What Is Brief Psychotic Disorder?
Brief psychotic disorder is an uncommon short-term psychiatric illness with psychotic symptoms. It comes on suddenly, lasts for less than a month, and usually results in complete recovery.
Brief psychotic disorder is not due to drug use or a general medical condition and generally first appears in early adulthood, usually when a person is in his/her twenties or thirties. People with personality disorders, such as antisocial personality disorder, are more likely to develop brief psychotic disorder than the general population.
The three basic forms of brief psychotic disorder are brief psychotic disorder with an obvious stressor (also known as brief reactive psychosis; brief psychotic disorder without obvious stressor; and brief psychotic disorder with postpartum onset.
- Brief Psychotic Disorder with Obvious Stressor (Brief Reactive Psychosis) occurs shortly after, and often in response to, a traumatic event in an individual’s life. This can include a loved one dying, an accident, an assault, or a natural disaster.
- Brief Psychotic Disorder without Obvious Stressor has no apparent stress that triggers the onset of the illness.
- Brief Psychotic Disorder with Postpartum Onset occurs in women, and usually within four weeks of having a child.
Symptoms of Brief Psychotic Disorder
The symptoms of brief psychotic disorder are similar to those of schizophrenia, except for the fact that they last for a month or less. As with symptoms of any mental condition, the severity of these symptoms is varied from case to case.
Some of the Symptoms of Brief Psychotic Disorder Include:
- Disorganized thinking
- Speech that doesn’t make sense
- Unusual behavior and/or dress
- Memory problems
- Sudden changes in eating or sleeping habits; changes in energy level and/or weight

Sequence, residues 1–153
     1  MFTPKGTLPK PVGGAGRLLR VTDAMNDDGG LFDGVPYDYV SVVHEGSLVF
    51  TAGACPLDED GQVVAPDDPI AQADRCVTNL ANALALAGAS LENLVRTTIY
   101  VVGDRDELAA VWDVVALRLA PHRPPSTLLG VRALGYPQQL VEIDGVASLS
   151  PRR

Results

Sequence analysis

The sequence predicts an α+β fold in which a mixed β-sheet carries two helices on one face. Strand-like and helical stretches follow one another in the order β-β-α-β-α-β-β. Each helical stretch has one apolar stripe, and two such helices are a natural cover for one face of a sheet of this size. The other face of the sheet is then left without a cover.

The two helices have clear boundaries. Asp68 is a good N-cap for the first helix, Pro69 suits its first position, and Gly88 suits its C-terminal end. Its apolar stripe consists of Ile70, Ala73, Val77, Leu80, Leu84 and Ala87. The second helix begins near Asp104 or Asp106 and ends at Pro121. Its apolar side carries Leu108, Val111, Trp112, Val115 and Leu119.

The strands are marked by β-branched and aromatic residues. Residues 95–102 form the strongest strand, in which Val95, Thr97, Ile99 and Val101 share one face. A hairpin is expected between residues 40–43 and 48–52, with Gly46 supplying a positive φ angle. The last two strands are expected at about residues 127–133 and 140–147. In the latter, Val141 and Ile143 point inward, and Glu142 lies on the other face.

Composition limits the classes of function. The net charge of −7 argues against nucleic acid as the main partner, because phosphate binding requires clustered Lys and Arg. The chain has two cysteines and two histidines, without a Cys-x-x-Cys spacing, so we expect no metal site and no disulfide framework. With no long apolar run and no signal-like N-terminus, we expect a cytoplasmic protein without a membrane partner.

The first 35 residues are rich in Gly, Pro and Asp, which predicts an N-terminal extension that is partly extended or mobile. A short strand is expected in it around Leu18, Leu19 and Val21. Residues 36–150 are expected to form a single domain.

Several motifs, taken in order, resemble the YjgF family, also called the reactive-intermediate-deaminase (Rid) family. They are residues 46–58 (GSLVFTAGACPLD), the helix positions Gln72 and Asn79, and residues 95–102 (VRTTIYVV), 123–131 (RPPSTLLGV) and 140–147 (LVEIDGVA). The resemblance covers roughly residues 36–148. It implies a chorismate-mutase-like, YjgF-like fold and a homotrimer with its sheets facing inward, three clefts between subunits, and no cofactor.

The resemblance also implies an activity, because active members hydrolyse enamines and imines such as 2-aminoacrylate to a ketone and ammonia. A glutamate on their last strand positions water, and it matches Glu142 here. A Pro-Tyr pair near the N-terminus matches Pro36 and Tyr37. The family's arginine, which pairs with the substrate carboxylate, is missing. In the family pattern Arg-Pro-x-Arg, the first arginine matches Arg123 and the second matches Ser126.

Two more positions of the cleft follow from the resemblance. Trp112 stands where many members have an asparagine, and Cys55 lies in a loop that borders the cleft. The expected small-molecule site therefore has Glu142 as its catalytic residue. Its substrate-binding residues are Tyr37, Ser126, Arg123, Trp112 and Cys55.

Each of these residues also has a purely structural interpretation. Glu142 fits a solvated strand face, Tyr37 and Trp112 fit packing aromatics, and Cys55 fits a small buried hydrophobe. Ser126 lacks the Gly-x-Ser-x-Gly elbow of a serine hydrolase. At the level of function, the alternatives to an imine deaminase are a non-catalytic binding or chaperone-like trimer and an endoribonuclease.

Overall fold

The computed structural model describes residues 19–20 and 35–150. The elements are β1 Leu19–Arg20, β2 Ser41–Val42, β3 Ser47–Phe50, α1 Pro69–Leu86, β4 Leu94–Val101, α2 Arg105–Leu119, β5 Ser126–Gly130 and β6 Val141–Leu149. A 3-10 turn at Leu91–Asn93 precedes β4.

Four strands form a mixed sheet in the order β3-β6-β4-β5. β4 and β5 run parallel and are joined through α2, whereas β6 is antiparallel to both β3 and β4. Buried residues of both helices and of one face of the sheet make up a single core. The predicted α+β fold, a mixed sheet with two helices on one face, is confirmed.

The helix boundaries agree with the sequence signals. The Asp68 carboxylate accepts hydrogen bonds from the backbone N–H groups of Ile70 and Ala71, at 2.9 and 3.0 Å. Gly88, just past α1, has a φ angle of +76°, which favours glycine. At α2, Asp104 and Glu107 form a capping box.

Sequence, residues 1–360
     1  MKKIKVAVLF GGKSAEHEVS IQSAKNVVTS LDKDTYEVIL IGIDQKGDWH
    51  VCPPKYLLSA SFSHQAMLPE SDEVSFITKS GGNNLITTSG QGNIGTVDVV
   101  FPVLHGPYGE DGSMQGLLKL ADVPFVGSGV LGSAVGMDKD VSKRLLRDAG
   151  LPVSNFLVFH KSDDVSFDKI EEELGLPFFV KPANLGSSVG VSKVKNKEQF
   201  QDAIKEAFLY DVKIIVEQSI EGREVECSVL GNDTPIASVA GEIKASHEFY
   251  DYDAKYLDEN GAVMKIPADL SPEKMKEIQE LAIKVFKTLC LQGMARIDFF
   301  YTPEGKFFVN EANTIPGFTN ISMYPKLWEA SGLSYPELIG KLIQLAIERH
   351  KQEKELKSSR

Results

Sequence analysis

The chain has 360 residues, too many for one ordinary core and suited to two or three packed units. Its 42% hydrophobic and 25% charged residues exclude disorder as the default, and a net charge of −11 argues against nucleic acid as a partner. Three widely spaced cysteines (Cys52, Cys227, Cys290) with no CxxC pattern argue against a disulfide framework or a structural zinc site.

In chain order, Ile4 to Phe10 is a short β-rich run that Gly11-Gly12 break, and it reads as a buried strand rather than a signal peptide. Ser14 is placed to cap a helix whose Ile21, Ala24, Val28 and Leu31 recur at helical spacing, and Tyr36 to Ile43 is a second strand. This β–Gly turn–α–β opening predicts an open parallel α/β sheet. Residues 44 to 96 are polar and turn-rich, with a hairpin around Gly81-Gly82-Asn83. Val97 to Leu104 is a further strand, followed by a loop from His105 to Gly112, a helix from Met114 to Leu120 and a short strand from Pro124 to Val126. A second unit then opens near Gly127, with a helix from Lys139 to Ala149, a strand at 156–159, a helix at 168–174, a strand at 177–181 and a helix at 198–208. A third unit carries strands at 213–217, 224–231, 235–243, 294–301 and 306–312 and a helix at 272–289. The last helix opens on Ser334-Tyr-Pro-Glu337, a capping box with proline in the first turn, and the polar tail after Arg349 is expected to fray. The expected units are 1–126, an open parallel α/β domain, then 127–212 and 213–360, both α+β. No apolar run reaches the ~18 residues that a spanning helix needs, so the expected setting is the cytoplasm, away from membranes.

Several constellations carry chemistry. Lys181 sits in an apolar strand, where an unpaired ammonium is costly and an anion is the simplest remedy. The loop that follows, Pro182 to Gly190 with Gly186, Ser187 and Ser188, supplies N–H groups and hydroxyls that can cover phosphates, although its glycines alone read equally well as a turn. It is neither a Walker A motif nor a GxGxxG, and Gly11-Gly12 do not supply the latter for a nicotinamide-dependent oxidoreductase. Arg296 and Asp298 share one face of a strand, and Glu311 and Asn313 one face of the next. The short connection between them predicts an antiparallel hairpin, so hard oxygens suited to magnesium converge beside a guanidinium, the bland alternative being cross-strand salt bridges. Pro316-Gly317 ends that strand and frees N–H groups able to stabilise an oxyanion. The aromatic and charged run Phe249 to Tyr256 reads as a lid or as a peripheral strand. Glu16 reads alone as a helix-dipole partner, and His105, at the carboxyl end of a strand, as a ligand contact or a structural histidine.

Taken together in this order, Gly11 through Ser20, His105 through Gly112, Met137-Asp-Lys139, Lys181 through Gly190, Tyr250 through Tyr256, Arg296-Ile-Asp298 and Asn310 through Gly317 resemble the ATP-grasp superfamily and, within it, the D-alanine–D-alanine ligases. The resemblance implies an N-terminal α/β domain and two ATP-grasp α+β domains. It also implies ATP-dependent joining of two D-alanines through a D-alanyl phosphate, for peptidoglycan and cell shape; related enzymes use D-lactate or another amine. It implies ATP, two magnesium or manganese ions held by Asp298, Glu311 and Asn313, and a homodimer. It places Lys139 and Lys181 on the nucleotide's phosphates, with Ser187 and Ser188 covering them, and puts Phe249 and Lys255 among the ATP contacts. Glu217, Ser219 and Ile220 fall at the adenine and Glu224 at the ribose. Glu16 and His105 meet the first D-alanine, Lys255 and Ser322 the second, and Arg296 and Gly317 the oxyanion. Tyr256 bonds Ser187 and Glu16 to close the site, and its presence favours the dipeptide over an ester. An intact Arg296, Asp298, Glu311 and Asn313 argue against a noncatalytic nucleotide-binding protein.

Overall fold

- Inability to make decisions
What Causes Brief Psychotic Disorder?
Although the exact causes of this disorder are unknown, there are a few theories that scientists’ debate. Some believe that this is a response to having poor coping mechanisms for life and traumatic events. Others express that there is a possible genetic link; as people who have family members with mood disorders are more likely to be affected.
Treatment of Brief Psychotic Disorder
The treatments used to treat brief psychotic disorder are the ones that are commonplace to treat many mental and mood disorders. They include a varied combination of medications and psychotherapy. Some of the medications that are commonly prescribed are tranquilizers for those who suffer from extreme anxiety, as well as anti-psychotics.
There are several diagnoses that are similar to brief psychotic disorder and can be considered as an alternative. For instance, mood disorders with psychotic features and schizoaffective disorder are two commonly diagnosed alternatives. If the symptoms of this disorder persist longer than a month, a diagnosis of schizophrenia is often considered given the similarities between the two disorders.